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(Widdershins #1)

3.84  ·  Rating details ·  306 ratings  ·  56 reviews
‘Did all women have something of the witch about them?’
Jane Chandler is an apprentice healer. From childhood, she and her mother have used herbs to cure the sick. But Jane will soon learn that her sheltered life in a small village is not safe from the troubles of the wider world.
From his father’s beatings to his uncle’s raging sermons, John Sharpe is beset by bad fortune.
Paperback, 250 pages
Published July 1st 2017 by Impress Books
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May 21, 2017 rated it really liked it
Inspired by true events, this is a fantastically atmospheric book that immerses the reader vividly in seventeenth century north east England and Scotland. The narrative alternates between two main characters: Jane, whose mother is teaching her the skills of midwifery and herbal medicine; and John, a young man brutalised by his mother’s death and violent father. How their two stories will converge and at what point provides the narrative hook to the book.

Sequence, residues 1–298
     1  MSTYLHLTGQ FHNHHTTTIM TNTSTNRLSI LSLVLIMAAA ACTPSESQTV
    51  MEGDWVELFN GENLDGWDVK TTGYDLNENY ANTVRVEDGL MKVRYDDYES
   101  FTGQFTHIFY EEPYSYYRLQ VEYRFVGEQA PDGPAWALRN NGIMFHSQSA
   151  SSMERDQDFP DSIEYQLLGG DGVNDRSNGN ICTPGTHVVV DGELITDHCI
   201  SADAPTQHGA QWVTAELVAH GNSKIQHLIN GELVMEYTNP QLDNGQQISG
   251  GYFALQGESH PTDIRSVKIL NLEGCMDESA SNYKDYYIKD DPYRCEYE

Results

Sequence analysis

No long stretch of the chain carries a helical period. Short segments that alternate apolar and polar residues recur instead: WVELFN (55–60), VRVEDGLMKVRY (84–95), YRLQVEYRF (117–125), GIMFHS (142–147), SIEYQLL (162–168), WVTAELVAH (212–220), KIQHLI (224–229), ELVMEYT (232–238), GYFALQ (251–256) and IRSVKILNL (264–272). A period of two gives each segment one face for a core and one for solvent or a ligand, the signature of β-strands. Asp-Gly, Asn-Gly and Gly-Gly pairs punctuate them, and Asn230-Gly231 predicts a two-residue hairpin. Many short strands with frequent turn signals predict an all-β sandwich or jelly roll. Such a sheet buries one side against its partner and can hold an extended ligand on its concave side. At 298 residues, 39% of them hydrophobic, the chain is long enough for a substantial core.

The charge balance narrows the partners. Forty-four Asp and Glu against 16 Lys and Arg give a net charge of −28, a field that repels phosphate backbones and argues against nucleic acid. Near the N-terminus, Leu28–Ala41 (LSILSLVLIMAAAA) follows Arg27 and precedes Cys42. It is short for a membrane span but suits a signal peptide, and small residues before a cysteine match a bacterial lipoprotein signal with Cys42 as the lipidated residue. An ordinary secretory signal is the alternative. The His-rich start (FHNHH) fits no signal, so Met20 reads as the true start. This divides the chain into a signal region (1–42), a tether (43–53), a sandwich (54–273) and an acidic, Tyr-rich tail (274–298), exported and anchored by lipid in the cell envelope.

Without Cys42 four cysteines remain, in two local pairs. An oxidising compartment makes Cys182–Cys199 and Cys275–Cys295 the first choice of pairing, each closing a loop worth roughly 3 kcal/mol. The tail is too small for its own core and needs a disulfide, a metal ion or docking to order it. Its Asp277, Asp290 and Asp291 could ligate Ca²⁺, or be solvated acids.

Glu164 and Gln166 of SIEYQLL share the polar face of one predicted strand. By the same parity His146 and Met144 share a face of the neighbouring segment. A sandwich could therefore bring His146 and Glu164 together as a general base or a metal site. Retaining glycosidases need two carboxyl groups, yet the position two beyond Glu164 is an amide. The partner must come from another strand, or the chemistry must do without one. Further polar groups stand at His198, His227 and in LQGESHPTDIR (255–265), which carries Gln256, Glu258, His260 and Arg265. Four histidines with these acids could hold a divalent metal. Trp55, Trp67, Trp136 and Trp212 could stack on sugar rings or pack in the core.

I loved the period detail and depictions o
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Gripping, heartbreaking, insightful, chilling - oh yes - very very chilling. This is one book I won't forget in a hurry. It's based on true facts - the witch trials of Newcastle in the 1650s which were the result of women being persecuted for being women, for giving birth, for taking remedies to soothe pain as they went against God's will apparently....

There are two stories - Jane and John - Jane is a young girl living with women accused o
Maxine (Booklover Catlady)